Today is the 70th anniversary of the beginning of Operation Bagration, when the Russians broke the back of the mighty Wehrmacht, the German army. It’s not very well known in the West, partly due to the drama of D-Day, partly because of the Cold War and perhaps mainly because until perestroika the records of the Red Army were inaccessible to historians outside the USSR. But it’s well known to Germans. More of them were left there than on any other field with the possible exception of the Stalingrad campaign. Bagration was the most massive defeat ever inflicted on the Wehrmacht, the most massive success ever achieved by Russia’s Red Army, and probably the most underappreciated war changing event of WW2.
Military history isn’t easy to understand. It’s complicated, the terminology difficult, the concepts counter-intuitive. Plus people get killed. Sometimes lots and lots of people, and you can see why that bothers the average reader. So basically it’s difficult to comprehend for the vast majority of people because there’s no way to visualize it without being confused or grossed out. So let’s picture it this way. The Soviet Union and Nazi Germany are teams in the National Football League. It’s been a rough game. The Germans blitzed the Russians in the first quarter. The Russians held their own in the second and scored big as the clock ran out. The third quarter was a brutal slugfest but the Russians wound up dominating the field. In the fourth, after the kickoff the two teams met at the fifty yard line. The Nazis misread the Russian signals, the ball was snapped, there was a cloud of dust, and the only German players left standing were running for their lives towards their own end zone. That play was Operation Bagration.
The Russians managed a surprise attack along a front of several hundred miles–the entire central portion of the Russian Front, what the Germans had designated as their Army Group Center–and blitzed through with remarkable speed. The Red Army achieved massive superiority wherever they attacked (ten Russian tanks to every one German tank, for example) and the German army units facing them were annihilated. Many divisions were completely destroyed. Nearly all the rest were reduced to remnants. Vehicles–from Tiger tanks to trucks to horse carts–were destroyed or abandoned. There are stunning photos of roads littered with equipment that had been left pell mell as the retreating columns were overrun by Russian tanks and blown apart by waves of Russian aircraft, like negatives of photographs taken on the same roads in 1941.
Indeed by 1944 the Russians had such control of the skies on the Russian Front that German units could move only by night, and in June the darkness lasted only a few hours, leaving the retreating Germans visible for twenty hours a day. The Russian air force was merciless. Tank busting Sturmovik ground attack aircraft destroyed German vehicles by the hundreds. And then behind German lines in the woods and marshes were hundreds of thousands of partisans, organized, well armed and devastatingly effective. Between the Red Army, Red Air Force and the partisans, the Germans were under assault by Russian forces on all sides, front, flank, rear, from above and even from inside, where partisans popped up out nowhere.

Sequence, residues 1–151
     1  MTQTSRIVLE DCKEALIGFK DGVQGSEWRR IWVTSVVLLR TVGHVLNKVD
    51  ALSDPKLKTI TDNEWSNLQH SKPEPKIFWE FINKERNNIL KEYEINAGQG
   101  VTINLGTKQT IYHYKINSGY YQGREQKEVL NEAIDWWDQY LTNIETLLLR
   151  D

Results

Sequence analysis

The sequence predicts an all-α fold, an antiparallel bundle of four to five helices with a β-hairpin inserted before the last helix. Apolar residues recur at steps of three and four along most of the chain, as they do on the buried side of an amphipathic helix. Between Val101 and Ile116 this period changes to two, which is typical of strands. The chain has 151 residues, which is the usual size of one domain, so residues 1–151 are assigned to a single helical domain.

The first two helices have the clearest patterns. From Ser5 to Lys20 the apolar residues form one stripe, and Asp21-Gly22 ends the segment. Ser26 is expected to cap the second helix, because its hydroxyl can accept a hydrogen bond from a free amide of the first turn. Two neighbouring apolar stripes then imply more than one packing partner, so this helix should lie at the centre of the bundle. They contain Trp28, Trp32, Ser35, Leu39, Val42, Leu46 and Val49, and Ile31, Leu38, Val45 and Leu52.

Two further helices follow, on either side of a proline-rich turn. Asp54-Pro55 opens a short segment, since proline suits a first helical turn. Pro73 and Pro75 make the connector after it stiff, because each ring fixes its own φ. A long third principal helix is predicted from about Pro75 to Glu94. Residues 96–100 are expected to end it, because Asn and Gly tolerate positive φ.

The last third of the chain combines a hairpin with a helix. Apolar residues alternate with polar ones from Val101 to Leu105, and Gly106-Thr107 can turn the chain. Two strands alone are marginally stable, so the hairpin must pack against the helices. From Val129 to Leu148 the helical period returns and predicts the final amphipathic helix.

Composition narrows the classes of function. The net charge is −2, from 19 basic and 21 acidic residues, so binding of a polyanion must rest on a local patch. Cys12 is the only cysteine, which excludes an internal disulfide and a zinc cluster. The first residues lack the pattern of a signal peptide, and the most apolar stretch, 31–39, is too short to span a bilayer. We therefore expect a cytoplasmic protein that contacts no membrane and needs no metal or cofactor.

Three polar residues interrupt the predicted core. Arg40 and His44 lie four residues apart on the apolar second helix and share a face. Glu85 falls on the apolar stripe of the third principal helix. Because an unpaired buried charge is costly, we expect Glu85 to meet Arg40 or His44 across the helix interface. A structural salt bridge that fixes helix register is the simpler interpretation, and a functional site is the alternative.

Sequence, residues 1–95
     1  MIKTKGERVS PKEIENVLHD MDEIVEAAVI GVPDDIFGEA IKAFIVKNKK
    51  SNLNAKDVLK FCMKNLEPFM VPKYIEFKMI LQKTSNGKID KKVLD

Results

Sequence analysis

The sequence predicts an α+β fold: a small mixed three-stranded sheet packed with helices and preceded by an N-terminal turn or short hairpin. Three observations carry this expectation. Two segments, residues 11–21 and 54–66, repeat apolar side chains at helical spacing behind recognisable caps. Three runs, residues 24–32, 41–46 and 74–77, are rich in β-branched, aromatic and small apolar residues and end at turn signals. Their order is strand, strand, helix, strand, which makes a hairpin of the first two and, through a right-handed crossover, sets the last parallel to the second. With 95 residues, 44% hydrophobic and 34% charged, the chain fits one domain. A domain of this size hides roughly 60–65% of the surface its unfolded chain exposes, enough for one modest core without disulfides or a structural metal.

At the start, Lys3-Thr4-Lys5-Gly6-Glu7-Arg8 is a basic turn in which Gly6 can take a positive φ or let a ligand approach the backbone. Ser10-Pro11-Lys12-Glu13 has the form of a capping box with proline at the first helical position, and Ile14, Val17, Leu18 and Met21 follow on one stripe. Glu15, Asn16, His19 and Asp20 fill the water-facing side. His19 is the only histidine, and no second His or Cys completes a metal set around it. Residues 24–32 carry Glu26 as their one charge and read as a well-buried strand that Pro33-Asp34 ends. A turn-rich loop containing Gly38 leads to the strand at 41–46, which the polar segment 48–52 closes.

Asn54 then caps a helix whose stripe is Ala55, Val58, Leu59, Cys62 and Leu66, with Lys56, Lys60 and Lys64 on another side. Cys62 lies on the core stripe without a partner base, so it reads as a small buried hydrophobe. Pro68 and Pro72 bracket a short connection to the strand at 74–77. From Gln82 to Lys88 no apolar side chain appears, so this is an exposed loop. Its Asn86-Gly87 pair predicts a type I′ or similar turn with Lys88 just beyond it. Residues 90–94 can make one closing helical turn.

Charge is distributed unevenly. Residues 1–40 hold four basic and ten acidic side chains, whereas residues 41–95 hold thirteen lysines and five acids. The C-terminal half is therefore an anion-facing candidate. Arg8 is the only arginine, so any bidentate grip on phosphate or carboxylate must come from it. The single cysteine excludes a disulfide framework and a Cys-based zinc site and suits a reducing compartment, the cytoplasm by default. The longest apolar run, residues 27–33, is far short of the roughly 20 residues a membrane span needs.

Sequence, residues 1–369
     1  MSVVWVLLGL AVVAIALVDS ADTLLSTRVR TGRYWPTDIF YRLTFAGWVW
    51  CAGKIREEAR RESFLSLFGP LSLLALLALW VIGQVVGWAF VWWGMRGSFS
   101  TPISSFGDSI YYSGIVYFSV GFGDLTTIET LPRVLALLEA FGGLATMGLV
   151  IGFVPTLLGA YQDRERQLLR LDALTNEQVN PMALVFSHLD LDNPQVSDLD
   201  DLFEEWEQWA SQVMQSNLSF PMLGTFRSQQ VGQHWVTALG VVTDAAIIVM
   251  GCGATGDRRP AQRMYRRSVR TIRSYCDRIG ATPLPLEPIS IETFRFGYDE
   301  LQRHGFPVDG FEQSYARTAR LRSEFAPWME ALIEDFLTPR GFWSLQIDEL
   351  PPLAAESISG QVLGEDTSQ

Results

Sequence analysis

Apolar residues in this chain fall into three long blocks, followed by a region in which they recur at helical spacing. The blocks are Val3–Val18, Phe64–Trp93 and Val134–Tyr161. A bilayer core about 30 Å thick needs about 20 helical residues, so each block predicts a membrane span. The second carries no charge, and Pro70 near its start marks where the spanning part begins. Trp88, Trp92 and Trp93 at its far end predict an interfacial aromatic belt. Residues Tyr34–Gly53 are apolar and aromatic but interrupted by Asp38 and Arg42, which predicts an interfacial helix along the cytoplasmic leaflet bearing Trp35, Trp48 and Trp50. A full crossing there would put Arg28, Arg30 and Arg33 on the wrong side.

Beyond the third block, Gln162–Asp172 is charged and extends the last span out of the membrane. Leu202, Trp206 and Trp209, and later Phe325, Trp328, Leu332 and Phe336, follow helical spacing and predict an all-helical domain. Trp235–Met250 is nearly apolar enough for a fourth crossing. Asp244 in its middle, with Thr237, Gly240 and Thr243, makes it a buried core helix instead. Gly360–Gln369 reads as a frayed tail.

Some of the German forces took refuge in towns and cities, giving them some respite from tanks, planes and partisans, but trapping them far behind the advancing Russian armies. They either surrendered–fifty thousand were taken at Minsk–or were destroyed by Russian infantry and artillery in vicious urban conflict. Among the units making their escape west, the renowned German military discipline often disintegrated, turning a thorough defeat into a panicky rout. The degree of the collapse is borne out by the losses among general officers–never before had so many German generals–thirty one of Army Group Center’s forty seven division and corps commanders–been killed or captured in one campaign. Three weeks into the offensive a triumphant Stalin had those fifty thousand German prisoners from Minsk paraded, twenty abreast, through Red Square. The humiliation must have been total, even surreal. Afterward the streets where they’d marched were washed down, an insult if there ever was one.
Those prisoners were but a fraction, though, of the German losses throughout the offensive. In a two month period, from June 22 though August, a half million German soldiers of Army Group Center were lost–killed, captured, wounded. That is a loss of fifty percent. And the damage went deep. When divisions surrendered en masse, and when Russian tanks overran rear areas, officers, non-coms, specialists, skilled mechanics, logistics experts, administrators, instructors, and medical personnel were killed or captured. The bones and sinew of a military machine, lost forever. You can’t replace those people with 17 year old conscripts. Conscripts don’t know anything, and the people who would have taught them were dead or being paraded through Red Square.
The Russian offensive ran out of steam two months later outside Warsaw, hundreds of miles west of where it started. Russian casualties (as always) had been high, the soldiers were exhausted, tanks worn out, supply lines over reached. The Red Army units settled down on the eastern bank of the Vistula river to regroup and rest and rearm. It had reconquered all of Belarus–left utterly ruined by the Nazi administration and the retreating Wehrmacht, evoking promises of revenge by the Red Army–and half of Poland. That’s a lot of Lebensraum. To the south the Balkan front caved in throughout autumn all the way to Hungary. And in the west, the Allied forces at last broke into the open and virtually annihilated another German army, the survivors running till they reached the German border and dug in. Meanwhile in Prussia an attempt was made on Hitler’s life (Operation Valkyrie they called it) by Wehrmacht officers who could read the writing on the wall. It failed. Retribution was savage. And in Warsaw Stalin let the Nazis put down the rebellion by the Polish Home Army. The Russians watched it all from across the Vistula. It would have been so easy to intervene, but Stalin had no use for the Poles in charge. He had his own plans for Poland. The Germans leveled Warsaw block by block, adding it to the long list of cities utterly destroyed during Operation Bagration. Nazi nihilism and Soviet realpolitik came together that summer on the banks of the Vistula. But Warsaw, like Valkyrie, was but a sideshow.